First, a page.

[The following story is a seed from which this Reincorporation improv project has grown.]

After emptying my pockets of my wallet, keys, phone, I went with the deputy through two heavy red metal doors to the jail’s multipurpose room where we meet. I’m part of a jail chaplaincy team from Tierra Nueva. I unstacked the blue plastic chairs and placed them in a circle. There’s a loud CLICK as the door is unlocked by the deputy on the other side. After shaking hands and welcoming the first pod of men we sit down in the blue plastic chairs and I opened our time with a prayer.

“When have you been told NO?” I asked them.

“This morning when the judge told me my release date is getting postponed.” one man piped up. Others gave their experiences too.

“And When have you been told YES?”

“I remember when I got out once and this guy from this ministry was waiting there for me when I got off the bus.  He hugged me.  I felt like I didn’t even want to go back to my old life.”

“Well, have you guys heard of improv theatre.”  Some nod.  “Well the core idea of improv is saying YES and accepting offers. So let’s say that me and Enrique* are on stage together and I say, ‘Hey doctor I’m here for my 2 o’clock appointment.’ and he says,’I’m not a doctor, I’m just standing here at this bus stop.’  So that’s like saying NO.  It’s called blocking and it doesn’t take the scene anywhere. But what if I said, “Hey doctor I’m here for my 2 o’clock appointment.’ and he says,’Hello Mr. Mendez, let’s take a look at your x-ray from last week.’ and he mimes pinning an x-ray on the lighted wall. So he is saying YES to being called a doctor AND then he’s adding to it.  Then I can say YES to the existence of the X-ray, “Wow, that was a bad break!”….and it continues.

Then I led them in an improv game called ‘Going on a Picnic.’ (To be honest I wasn’t sure how this would go over in a jail setting, but I decided to not hesitate but to own it).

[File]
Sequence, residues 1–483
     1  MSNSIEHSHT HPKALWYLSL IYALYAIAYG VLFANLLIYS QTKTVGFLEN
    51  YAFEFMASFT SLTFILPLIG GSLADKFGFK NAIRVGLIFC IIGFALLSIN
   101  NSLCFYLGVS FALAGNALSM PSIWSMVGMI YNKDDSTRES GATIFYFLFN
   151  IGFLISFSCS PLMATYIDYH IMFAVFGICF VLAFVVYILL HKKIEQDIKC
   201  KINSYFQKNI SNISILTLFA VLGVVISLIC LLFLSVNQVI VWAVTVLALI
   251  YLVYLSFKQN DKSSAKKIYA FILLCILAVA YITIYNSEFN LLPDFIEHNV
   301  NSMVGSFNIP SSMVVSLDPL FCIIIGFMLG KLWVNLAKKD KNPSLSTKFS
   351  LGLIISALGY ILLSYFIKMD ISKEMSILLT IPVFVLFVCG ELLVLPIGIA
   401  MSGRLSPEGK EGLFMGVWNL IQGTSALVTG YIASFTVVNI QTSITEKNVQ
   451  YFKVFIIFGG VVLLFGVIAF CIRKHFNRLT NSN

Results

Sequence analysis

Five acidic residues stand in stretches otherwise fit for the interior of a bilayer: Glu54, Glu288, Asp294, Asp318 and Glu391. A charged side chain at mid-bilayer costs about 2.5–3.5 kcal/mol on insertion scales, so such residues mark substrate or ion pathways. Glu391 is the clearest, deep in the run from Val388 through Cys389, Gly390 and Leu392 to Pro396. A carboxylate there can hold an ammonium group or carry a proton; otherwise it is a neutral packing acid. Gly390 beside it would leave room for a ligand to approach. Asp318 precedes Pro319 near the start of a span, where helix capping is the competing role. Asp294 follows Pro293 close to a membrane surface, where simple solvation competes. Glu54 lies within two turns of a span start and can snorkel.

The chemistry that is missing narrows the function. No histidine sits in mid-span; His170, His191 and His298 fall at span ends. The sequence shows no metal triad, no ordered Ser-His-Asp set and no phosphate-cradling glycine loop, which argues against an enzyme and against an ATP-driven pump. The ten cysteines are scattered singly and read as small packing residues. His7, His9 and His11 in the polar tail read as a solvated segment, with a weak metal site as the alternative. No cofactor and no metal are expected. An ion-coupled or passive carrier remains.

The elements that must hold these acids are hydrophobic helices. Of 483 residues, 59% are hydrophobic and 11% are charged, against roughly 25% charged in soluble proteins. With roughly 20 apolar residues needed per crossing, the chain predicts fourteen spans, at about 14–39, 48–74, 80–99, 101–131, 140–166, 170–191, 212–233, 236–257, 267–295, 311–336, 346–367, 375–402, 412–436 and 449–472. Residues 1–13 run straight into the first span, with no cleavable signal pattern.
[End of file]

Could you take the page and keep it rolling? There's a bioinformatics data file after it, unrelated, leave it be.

After they got a partner I told them the instructions, “So you are going to both make offers of what to bring on the picnic. And in the first round your partner will say NO to everything and when he offers you say NO as well.” Go for it. (After a brief hesitation, I could hear laughter from pairs here and there. They ended up really getting into it!) So they did the first round for a minute or two. At the end, one of the guys said, “By the end, I really didn’t want to go on the picnic.”

“OK now the second round. You are indifferent in your response.  Sort of like, ‘ Ehhh, well you can bring hot dogs if you want to, I’m not really into ’em.’ They turned to their pairs and enjoyed being indifferent to whatever their partner said.

“OK the final round you and your partner both say yes to every offer.”  And they jumped to it.  Laughter was erupting from different places around the room.One guys, Antonio* commented, “Man, it was like we really connected.”

YES!” I said, “You did.(now they seemed really focused and energized!).

From there we opened up the Scriptures and looked at John chapter 8 – the story of the woman who was accused of adultery and about to get stoned to death by the religious leaders. And they also had been trying to trap Jesus. (He came back to the temple even though he knew he may get arrested or killed himself).  The Pharisees are saying the biggest NO possible to this woman.  We want to kill you by throwing stones at your body and soul. Then Jesus steps in and says YES to the woman.  He says to the stone-grabbing crowd, “He who is without sin cast the first stone.” And they all walked away one by one. Then he looked at her and said, “Where are your accusers? Has no one condemned  you?” She said, “No one, sir.” And Jesus said to her,”Neither do I condemn you. Go your way, and leave your life of sin.”  Jesus is saying YES to her and NO to her past ways.  He’s actually giving her the power to live a new way.